“I Decided To Go Vegan – This Is What It’s Really Like”

by | Dec 8, 2016 | Food & Nutrition

Photography by Unsplash. 

Plant power! 

Vegan curiosity has never been this prevalent. Like it or not, veganism is on the rise, even in South Africa. Staff writer Michelle October gave it a try – and stuck with it. Here, what it’s really like to go vegan.

The Change 

Like the average human, I’ve never been very health-conscious. But working at a health magazine will quickly change the way you do things, from how often you exercise to what you eat. So after working at Women’s Health for over a year, I thought I was doing really well. I was eating a ton of veggies, had cut out junk food completely, and had already lost a few kilos through our fitness challenge. But I wasn’t feeling 100% in my tummy, so I decided to give up dairy first. I’d read about how dodgy it is for your health and my skin cleared up a bit after a few weeks. Then, I wrote a story about veganism and couldn’t find a good enough reason to eat meat.  I ignored the ideas I’d read, about how red meat is bad for you, or how chickens are filled with antibiotics and could even contain arsenic. It wasn’t until one day, when I watched a YouTube video (DISCLAIMER: this is pretty graphic) about the dairy industry that I threw in the towel and gave up animal products for good.

Phase One: Easy Breezy 

Because I’d already given up dairy, saying no to meat was really easy. I didn’t replace meat or eggs with anything – I just removed it from my plate and ate veggies and good carbs. I’ve always been lousy at cooking meat anyway, so I was really having fun with flavour combinations and frying up different versions of veg every day. Added to that, I’d started losing even more weight. Like, a whole five kilos. Without trying.

Here’s a pasta I made in zero time, 100% vegan.

Phase Two: Being Busy 

For a while, I was managing everything really well: I made the time to cook food, buy the veg, and come up with my own recipes. But somewhere along the line I got bored of my own flavour combos and got busy and stopped cooking as much. For vegans, this is not something you can do – it’s like going for a five-hour hike in your ballet pumps and thinking your feet will be fine. You’re going to suffer. I ended up spending tons of money on food on the go (always bread-and-something), or put myself in situations where I had to cave and eat something with dairy or egg. I felt guilty and a little sick. It was also stressful to be out and have to explain to people in stores or restaurants what dairy is. Most waitrons don’t know that the food they serve is made with egg or dairy. Things were getting expensive and I was getting stressed.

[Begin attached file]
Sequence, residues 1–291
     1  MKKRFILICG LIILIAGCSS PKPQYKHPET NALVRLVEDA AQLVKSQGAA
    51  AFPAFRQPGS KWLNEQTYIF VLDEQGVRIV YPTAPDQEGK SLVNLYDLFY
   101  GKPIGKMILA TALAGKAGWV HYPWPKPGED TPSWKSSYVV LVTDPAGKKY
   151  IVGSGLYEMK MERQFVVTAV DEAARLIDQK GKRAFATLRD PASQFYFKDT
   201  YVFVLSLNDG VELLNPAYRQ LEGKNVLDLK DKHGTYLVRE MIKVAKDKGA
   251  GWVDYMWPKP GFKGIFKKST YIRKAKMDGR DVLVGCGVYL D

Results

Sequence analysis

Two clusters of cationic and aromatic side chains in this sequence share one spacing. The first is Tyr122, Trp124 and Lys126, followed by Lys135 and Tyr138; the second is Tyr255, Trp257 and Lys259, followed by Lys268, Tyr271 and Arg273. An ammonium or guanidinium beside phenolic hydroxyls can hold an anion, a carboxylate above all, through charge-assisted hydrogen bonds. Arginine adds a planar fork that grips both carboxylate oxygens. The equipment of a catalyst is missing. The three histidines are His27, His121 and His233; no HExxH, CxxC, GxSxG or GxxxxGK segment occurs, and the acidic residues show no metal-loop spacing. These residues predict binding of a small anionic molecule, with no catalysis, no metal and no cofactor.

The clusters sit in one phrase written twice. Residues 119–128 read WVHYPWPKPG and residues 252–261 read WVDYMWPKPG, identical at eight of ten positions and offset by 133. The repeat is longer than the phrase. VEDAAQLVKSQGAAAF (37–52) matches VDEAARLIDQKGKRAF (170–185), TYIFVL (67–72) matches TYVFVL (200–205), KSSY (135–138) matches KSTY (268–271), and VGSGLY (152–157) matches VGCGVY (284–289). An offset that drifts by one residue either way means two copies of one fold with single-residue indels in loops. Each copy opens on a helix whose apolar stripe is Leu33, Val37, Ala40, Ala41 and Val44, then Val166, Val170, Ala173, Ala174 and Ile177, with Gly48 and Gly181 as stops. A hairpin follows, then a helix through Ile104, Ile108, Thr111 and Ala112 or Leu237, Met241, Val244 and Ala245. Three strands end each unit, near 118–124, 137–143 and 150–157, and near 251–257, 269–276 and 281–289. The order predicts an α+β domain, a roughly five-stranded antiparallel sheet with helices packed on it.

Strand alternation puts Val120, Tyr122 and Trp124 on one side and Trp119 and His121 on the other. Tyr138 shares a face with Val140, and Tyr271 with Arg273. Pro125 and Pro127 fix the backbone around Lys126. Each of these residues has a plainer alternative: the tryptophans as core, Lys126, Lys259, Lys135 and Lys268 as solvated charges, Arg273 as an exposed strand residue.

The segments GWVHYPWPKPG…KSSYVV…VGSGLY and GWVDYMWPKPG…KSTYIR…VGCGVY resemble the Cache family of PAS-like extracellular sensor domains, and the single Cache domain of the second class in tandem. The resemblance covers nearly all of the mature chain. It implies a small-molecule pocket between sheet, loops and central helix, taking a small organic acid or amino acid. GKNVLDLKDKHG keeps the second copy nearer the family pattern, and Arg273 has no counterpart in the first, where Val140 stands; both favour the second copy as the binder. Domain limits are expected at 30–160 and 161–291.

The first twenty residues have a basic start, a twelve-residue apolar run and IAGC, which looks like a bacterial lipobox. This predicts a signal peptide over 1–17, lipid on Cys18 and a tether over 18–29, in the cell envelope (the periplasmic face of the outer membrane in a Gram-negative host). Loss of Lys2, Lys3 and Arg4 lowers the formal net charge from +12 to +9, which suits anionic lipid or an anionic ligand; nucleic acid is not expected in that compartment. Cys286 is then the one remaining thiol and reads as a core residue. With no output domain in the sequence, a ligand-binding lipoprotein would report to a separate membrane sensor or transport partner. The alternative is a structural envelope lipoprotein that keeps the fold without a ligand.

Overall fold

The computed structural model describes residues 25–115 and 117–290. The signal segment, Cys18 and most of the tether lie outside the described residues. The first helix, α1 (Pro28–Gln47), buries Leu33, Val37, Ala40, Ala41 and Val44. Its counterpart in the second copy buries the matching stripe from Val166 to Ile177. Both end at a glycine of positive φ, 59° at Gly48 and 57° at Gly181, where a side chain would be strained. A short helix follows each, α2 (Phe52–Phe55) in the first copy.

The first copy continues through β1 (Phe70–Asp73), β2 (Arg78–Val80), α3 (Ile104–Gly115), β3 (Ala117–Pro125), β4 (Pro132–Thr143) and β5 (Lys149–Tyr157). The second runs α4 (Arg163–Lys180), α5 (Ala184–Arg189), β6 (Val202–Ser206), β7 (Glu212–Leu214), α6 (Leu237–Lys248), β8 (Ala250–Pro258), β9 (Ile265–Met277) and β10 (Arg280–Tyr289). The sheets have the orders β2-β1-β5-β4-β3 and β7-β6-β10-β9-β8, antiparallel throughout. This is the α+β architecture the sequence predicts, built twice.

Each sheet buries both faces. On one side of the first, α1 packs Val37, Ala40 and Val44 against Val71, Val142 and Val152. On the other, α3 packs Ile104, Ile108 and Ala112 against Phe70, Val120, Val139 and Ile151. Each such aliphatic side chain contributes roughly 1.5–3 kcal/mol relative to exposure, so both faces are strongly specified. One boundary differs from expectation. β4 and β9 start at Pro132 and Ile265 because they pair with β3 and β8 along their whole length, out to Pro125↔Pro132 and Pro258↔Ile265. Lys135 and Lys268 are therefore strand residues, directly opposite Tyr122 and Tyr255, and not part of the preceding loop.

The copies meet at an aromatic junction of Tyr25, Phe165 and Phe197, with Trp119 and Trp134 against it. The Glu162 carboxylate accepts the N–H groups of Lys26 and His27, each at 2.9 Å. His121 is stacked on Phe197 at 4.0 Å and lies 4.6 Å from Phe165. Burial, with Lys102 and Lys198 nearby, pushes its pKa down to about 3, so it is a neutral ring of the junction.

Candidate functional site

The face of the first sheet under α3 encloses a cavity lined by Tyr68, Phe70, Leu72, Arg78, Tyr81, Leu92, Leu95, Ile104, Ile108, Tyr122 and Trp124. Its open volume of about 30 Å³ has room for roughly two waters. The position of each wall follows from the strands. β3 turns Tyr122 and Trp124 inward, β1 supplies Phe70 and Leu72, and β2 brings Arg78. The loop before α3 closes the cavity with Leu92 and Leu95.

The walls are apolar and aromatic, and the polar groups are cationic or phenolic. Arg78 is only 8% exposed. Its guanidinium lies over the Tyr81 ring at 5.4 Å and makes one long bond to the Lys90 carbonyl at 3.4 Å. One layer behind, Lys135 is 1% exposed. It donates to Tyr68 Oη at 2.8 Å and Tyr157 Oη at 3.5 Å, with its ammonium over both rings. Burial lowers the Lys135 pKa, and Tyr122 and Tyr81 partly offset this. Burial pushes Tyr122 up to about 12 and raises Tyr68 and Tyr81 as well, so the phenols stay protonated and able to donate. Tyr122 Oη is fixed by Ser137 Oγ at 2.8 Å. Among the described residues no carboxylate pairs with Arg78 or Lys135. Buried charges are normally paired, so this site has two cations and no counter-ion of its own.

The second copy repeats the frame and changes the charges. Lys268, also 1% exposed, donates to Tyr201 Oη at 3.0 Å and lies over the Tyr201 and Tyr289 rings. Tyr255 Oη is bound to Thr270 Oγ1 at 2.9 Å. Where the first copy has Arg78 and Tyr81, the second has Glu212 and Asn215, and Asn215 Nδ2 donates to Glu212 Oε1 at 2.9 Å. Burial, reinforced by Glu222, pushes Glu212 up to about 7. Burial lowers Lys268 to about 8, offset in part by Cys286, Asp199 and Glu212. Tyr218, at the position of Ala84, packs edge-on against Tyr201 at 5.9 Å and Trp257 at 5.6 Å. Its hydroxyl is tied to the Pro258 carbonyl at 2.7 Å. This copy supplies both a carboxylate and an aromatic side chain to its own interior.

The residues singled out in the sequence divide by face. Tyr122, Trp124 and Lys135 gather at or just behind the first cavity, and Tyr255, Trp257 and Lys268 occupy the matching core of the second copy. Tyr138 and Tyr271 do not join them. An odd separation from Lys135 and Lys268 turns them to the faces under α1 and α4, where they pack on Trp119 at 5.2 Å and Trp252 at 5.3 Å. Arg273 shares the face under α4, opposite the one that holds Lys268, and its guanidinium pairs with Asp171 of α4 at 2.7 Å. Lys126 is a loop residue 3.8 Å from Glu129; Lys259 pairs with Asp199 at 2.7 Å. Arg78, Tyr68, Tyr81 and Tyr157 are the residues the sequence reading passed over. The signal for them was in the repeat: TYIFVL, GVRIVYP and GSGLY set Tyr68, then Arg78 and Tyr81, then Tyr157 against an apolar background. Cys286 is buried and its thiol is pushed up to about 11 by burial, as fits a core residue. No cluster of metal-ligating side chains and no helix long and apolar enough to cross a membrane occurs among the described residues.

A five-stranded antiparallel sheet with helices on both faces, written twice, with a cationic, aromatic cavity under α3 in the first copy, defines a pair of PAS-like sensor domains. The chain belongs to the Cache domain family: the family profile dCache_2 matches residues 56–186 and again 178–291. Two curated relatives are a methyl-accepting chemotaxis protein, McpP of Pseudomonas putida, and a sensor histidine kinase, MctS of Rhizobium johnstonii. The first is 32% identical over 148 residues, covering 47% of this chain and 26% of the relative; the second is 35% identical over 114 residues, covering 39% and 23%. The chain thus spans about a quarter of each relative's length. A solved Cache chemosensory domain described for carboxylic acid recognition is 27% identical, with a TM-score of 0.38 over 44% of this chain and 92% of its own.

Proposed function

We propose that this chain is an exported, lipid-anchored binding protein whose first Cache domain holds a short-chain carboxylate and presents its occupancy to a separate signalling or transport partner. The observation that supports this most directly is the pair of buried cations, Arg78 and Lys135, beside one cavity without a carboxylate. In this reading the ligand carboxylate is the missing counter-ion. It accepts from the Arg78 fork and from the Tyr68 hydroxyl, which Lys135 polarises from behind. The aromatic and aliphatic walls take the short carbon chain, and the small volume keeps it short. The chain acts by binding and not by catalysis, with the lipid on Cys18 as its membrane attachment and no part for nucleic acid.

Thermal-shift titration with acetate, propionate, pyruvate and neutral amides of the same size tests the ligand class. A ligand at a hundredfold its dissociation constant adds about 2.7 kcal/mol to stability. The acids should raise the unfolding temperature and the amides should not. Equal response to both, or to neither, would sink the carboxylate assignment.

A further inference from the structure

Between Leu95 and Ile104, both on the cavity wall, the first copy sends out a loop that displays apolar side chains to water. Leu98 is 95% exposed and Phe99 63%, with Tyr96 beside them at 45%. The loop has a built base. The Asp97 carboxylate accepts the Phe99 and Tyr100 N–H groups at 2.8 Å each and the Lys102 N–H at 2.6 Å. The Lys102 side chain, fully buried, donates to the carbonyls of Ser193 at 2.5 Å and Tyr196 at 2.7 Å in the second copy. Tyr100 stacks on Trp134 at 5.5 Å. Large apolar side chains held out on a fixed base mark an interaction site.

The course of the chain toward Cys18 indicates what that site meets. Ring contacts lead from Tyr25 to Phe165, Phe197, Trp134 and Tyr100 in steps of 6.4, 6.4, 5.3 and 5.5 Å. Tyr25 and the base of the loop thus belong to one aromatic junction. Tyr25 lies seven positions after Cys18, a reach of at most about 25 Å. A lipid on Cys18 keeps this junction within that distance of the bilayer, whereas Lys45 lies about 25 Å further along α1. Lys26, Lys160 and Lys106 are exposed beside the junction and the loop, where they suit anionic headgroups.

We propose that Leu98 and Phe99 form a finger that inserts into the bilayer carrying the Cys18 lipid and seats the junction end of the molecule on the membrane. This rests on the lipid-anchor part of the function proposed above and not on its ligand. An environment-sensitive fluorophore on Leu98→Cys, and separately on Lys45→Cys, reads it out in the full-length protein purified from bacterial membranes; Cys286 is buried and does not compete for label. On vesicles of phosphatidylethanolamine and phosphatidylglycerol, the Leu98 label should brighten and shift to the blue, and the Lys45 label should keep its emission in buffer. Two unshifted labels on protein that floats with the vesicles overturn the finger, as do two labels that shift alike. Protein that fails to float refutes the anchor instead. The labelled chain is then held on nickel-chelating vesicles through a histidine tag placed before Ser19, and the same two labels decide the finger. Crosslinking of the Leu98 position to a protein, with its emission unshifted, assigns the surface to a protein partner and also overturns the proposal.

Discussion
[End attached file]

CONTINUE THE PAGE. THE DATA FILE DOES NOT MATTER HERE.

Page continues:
Phase Three: Making It Work 

I realised I needed to work a little harder than everyone else to stick to it. After all, I was doing it for the animals, but mostly for my health: since going vegan, my cholesterol has dropped and I’m way healthier than I was before. I know that it’s a healthier way to live, so the minimal effort I need to make it work isn’t that bad. Now, I eat lots of pulses and mushrooms with healthy carbs (potatoes are my best friends) and I pack lunch and breakfast and always have a snack with me. Plus, one weekend I went away with a friend and she happily ate vegan food the whole trip. When she got back home, she texted me to say she really missed my cooking. Obviously, being vegan isn’t all that bad.

This is what I look like now.

Looking for more info on vegan food? Here are eight vegan food swaps that are total game-changers.

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